Signing documents electronically to return
As the upsurge of COVID-19 cases continues to see rolling lockdowns in place, the return of electronic execution of documents is a welcome change.
Legislation has passed that allows for a return to electronically signing documents, as changes to the Corporations Act 2021 have received royal assent as of 13 August 2021.
Similar reforms were introduced to the Corporations Act in May 2020, however those measures expired on 21 March 2021. The new rules are not permanent and are due to expire on 31 March 2022, however the explanatory memorandum to the Act does suggest that the government intends to implement permanent changes to allow for the new rules to continue before the temporary measures lapse.
What the act allows
The most common method of signing documents by private companies includes:
- having two directors sign the document
- a director and company secretary sign the document; or
- a sole director/secretary can sign for sole director companies
The new changes will mean that company directors and secretaries can sign their company documents in several ways:
- Via a tablet using a stylus device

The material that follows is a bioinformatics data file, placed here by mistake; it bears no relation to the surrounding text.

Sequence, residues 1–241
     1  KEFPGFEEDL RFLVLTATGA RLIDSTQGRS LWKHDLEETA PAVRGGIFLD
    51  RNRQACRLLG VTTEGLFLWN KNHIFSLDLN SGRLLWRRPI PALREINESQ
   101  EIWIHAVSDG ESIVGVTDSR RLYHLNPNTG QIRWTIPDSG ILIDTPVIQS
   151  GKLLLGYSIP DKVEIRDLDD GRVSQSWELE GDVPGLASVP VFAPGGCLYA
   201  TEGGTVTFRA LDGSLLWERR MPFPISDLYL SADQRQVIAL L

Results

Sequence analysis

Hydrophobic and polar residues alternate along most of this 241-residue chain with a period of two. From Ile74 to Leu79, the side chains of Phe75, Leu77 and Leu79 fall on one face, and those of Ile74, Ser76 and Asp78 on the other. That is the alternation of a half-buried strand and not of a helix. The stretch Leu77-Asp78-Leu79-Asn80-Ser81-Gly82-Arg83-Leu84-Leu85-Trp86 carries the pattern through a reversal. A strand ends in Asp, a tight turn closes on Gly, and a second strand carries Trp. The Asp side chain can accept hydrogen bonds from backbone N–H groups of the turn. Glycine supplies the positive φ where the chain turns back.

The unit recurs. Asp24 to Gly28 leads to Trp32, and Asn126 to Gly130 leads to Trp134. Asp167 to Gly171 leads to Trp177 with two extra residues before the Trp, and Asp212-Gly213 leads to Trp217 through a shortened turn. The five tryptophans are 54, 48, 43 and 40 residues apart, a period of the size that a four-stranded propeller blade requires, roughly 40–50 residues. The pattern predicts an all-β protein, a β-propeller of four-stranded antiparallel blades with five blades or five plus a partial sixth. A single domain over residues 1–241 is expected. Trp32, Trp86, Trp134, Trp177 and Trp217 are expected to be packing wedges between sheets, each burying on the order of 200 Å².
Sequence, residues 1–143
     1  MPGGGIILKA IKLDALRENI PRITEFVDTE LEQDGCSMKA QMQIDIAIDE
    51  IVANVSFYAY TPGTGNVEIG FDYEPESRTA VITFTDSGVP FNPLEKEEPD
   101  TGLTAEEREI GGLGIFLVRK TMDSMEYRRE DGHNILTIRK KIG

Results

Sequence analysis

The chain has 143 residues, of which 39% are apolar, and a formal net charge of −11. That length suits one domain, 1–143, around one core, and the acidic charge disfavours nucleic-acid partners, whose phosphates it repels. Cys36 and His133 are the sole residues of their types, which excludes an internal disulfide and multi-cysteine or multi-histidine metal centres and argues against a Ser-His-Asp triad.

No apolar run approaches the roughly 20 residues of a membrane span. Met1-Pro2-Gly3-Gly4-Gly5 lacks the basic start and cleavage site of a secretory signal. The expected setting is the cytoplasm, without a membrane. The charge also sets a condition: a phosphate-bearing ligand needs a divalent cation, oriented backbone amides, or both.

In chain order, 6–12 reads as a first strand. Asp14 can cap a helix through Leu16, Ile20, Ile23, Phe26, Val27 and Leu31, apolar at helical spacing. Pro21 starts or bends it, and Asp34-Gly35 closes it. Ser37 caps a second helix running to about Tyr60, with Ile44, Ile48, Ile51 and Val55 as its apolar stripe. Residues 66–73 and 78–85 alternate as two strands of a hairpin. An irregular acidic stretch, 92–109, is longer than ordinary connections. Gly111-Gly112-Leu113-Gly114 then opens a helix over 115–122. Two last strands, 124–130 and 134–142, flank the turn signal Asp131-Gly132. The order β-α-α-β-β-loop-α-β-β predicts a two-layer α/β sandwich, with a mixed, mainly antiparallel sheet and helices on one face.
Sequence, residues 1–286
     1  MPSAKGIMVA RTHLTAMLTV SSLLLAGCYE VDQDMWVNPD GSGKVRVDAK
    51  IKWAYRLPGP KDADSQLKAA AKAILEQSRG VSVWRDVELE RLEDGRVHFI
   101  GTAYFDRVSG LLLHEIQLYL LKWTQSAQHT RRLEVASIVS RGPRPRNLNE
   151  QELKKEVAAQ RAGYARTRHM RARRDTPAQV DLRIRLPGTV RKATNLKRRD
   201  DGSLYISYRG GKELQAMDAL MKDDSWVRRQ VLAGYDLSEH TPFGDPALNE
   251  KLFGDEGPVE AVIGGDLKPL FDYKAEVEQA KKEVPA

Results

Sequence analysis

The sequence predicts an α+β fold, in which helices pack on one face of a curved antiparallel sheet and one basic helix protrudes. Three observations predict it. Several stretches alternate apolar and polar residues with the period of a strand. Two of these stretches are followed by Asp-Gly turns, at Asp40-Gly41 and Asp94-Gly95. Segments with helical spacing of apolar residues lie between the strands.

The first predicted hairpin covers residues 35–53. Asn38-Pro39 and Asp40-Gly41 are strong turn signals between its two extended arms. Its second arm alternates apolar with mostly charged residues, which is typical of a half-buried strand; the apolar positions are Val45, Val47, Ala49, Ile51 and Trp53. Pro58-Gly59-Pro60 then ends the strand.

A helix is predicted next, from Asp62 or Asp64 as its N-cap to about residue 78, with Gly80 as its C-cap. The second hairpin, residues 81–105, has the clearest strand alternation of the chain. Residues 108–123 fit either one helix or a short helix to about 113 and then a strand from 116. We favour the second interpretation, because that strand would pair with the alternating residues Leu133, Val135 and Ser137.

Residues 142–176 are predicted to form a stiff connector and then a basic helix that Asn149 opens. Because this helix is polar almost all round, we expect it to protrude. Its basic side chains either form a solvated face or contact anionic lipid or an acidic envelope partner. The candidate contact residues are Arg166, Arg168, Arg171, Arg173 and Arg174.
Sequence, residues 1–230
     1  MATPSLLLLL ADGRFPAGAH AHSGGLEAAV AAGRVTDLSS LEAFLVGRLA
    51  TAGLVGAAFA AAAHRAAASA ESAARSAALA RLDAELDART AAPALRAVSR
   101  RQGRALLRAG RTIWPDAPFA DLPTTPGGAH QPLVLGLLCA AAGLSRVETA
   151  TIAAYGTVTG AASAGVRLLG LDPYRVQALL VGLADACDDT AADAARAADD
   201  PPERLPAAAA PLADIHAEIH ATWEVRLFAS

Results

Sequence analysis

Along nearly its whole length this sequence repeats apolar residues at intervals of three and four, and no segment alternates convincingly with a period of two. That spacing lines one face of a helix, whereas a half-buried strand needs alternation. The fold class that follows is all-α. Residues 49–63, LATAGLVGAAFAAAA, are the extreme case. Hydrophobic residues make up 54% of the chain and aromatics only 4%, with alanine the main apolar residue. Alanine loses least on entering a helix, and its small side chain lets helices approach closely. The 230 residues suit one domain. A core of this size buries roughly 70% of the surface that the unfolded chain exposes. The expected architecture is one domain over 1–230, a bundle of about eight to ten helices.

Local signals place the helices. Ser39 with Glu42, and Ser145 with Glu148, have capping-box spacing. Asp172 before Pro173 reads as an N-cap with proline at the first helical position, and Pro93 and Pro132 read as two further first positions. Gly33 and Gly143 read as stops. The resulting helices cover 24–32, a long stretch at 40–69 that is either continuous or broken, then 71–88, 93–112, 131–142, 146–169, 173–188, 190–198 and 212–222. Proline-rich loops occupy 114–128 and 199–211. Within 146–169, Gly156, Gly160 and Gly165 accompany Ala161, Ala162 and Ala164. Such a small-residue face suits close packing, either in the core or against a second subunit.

- Using electronic signature tools such as AdobeSign or DocuSign
Where electronic signing is used, there are some critical factors to get right: Signing the electronic document covers the whole document (though not each individual page needs to be signed) and that the mode of signing is reliable and able to demonstrate the signatory's identity.
For more guidance about electronic signing of company documents, it's best to speak to your accountant for clear guidance on what your responsibilities are.
Contact us on 02 9957 4033 for more information.
This article is provided for information purposes only and correct at the time of publication. It should not be used in place of advice from your accountant. Please contact us on 02 9957 4033 to discuss your specific circumstances.